This article was first published on the Marketing Partners blog on February 16, 2018, and has been updated on this blog – September 15, 2019
Unless You are a Sex Offender or the Repo Man, Don’t Hide Behind Your Company Brand
You’re the CEO, but your customers don’t know it. You manage from your tower of ivory, while lesser beings handle the minions. “It’s my business and I’ll run it the way I deem fit. I have people to handle the public.” These are just some of the excuses you attempt to float out to the world, but you know it’s bullshit. Worse yet, the community at large no longer cares for faceless corporations and companies. They wish to know with whom they are spending their money, and what they do with it. They’re interested in the social and environmental records on these mysterious beings at the helms of enterprise.
These “people” are consumers. As such, they demand more from a firm than just fair and honest treatment and value for their money. They expect to see socially responsible companies caring more about their brand identity and profits than their impact on humanity and the planet. Prove them otherwise.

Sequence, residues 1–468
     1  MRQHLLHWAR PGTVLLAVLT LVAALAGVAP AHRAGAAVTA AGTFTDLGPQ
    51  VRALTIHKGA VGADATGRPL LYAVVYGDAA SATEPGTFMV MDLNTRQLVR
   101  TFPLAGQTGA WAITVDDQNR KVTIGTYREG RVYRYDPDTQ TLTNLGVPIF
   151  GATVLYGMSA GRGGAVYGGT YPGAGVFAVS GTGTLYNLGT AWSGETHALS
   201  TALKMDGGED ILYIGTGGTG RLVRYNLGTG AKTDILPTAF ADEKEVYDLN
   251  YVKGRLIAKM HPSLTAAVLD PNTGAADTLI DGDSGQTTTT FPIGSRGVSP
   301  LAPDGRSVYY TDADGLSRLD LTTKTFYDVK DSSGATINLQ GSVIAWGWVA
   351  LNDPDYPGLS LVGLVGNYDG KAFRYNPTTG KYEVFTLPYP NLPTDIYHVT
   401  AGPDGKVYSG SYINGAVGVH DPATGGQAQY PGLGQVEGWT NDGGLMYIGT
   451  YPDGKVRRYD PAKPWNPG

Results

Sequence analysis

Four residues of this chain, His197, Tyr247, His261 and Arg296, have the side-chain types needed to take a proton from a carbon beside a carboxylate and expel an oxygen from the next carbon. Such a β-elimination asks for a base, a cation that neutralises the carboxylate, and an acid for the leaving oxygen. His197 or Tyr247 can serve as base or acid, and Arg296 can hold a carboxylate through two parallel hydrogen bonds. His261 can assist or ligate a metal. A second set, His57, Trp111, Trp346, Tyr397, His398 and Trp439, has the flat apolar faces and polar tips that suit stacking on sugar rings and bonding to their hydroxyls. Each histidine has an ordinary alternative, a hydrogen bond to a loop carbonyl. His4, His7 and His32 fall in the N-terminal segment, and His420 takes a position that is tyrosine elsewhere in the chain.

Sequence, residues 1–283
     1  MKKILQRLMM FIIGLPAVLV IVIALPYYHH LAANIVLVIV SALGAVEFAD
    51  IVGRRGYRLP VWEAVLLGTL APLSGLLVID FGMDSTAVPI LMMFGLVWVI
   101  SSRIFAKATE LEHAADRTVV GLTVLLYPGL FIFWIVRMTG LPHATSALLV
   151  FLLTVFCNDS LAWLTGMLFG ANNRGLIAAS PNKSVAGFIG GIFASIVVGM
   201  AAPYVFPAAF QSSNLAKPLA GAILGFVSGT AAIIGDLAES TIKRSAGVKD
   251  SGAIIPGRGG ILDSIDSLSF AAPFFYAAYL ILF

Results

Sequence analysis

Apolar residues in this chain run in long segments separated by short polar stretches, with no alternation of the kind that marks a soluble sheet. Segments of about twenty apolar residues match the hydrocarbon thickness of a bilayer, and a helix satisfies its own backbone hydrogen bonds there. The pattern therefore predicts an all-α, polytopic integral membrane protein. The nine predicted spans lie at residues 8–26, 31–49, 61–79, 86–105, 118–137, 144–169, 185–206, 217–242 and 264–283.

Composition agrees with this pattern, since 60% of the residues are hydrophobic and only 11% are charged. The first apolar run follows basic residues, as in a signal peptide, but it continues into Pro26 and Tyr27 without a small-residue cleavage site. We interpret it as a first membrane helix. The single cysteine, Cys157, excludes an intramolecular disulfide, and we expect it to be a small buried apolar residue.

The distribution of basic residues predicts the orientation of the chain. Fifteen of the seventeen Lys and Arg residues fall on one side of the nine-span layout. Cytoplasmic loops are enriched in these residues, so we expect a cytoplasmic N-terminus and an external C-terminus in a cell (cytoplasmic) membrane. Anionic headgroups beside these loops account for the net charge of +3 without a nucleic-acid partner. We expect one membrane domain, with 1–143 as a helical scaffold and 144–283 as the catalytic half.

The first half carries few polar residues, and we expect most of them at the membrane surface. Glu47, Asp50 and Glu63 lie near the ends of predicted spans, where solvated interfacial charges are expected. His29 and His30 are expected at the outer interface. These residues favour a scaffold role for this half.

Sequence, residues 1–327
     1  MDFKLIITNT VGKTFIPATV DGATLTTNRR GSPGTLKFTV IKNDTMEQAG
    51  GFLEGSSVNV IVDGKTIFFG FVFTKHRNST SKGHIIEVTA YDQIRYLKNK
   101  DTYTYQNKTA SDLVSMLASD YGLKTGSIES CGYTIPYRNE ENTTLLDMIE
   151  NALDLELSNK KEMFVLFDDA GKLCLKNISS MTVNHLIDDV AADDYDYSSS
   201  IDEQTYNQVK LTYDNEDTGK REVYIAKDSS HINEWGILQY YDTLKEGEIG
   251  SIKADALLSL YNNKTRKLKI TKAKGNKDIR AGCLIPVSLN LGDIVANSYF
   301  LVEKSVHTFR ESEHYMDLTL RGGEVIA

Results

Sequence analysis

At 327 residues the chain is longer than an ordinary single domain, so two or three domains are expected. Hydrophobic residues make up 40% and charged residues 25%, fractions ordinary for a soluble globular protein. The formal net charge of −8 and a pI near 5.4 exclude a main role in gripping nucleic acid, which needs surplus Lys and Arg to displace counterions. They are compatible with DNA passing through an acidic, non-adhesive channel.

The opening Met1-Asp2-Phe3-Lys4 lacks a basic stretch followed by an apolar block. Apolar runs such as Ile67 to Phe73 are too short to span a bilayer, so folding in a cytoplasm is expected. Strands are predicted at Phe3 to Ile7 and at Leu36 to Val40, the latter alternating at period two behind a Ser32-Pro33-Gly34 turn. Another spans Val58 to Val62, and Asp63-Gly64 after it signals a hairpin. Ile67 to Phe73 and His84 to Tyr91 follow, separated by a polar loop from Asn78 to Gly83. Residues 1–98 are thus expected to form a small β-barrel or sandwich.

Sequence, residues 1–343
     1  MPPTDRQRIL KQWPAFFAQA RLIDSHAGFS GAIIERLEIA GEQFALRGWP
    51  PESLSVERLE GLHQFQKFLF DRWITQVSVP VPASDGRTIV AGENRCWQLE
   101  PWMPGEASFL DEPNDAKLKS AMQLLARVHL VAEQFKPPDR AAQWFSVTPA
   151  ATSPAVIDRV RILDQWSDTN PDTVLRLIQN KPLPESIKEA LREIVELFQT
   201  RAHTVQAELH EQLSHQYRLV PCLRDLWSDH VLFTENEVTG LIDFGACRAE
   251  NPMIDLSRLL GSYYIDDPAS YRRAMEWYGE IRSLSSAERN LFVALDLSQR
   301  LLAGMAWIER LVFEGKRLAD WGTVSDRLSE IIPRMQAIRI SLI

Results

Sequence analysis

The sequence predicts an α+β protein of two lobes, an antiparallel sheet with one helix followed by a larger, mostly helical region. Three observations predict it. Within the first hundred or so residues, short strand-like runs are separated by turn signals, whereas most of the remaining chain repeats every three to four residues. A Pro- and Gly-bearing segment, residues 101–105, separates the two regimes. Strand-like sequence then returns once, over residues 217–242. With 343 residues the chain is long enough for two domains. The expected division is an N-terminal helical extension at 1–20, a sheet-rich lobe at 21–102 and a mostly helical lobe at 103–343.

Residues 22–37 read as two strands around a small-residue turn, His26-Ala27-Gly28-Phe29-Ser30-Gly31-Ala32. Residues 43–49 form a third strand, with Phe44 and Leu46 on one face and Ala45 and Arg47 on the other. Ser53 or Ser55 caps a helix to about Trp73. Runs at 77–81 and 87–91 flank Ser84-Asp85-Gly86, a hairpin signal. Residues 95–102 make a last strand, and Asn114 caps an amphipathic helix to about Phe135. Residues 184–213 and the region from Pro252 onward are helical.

It makes no sense to be shielded from all speculation, suspicion, and aloofness because YOU are the perpetrator of that which you hide. Stop hiding. Your company brand is you, and vice versa. It’s all well and good if you are the Repo Man or a sex offender, but other than that, I can’t think of any other reasons why shielding your identity is a good idea.
Like it or don’t, you are your brand. It’s important for the relationship with your prospects and clients/customers for you to be the face of the business. Your stakeholders internally and externally fully expect to keep the curtains of “doing business” wide open for all to see. It’s imperative that you and your company brand are in synchronous harmony.
Today’s consumers want to know from whom they are buying goods and services, especially services. There is no mysterious entity pulling the strings of a professional services firm owner. Physicians, Dentists, Attorneys, Financial Advisors must be the face of their business, lest they perish. Whether a huge practice or a solopreneur’s business, get out front and stay out front – It’s relationships that build practices.
The only way to discern whether or not a company’s core values are genuine is to know those of the CEO and top management. Do they walk their talk, or merely pay lip service to the public at large?
If you are an ass, that attitude will ripple through your staff, your customer service, even your vendors will take on the attitudes of leadership.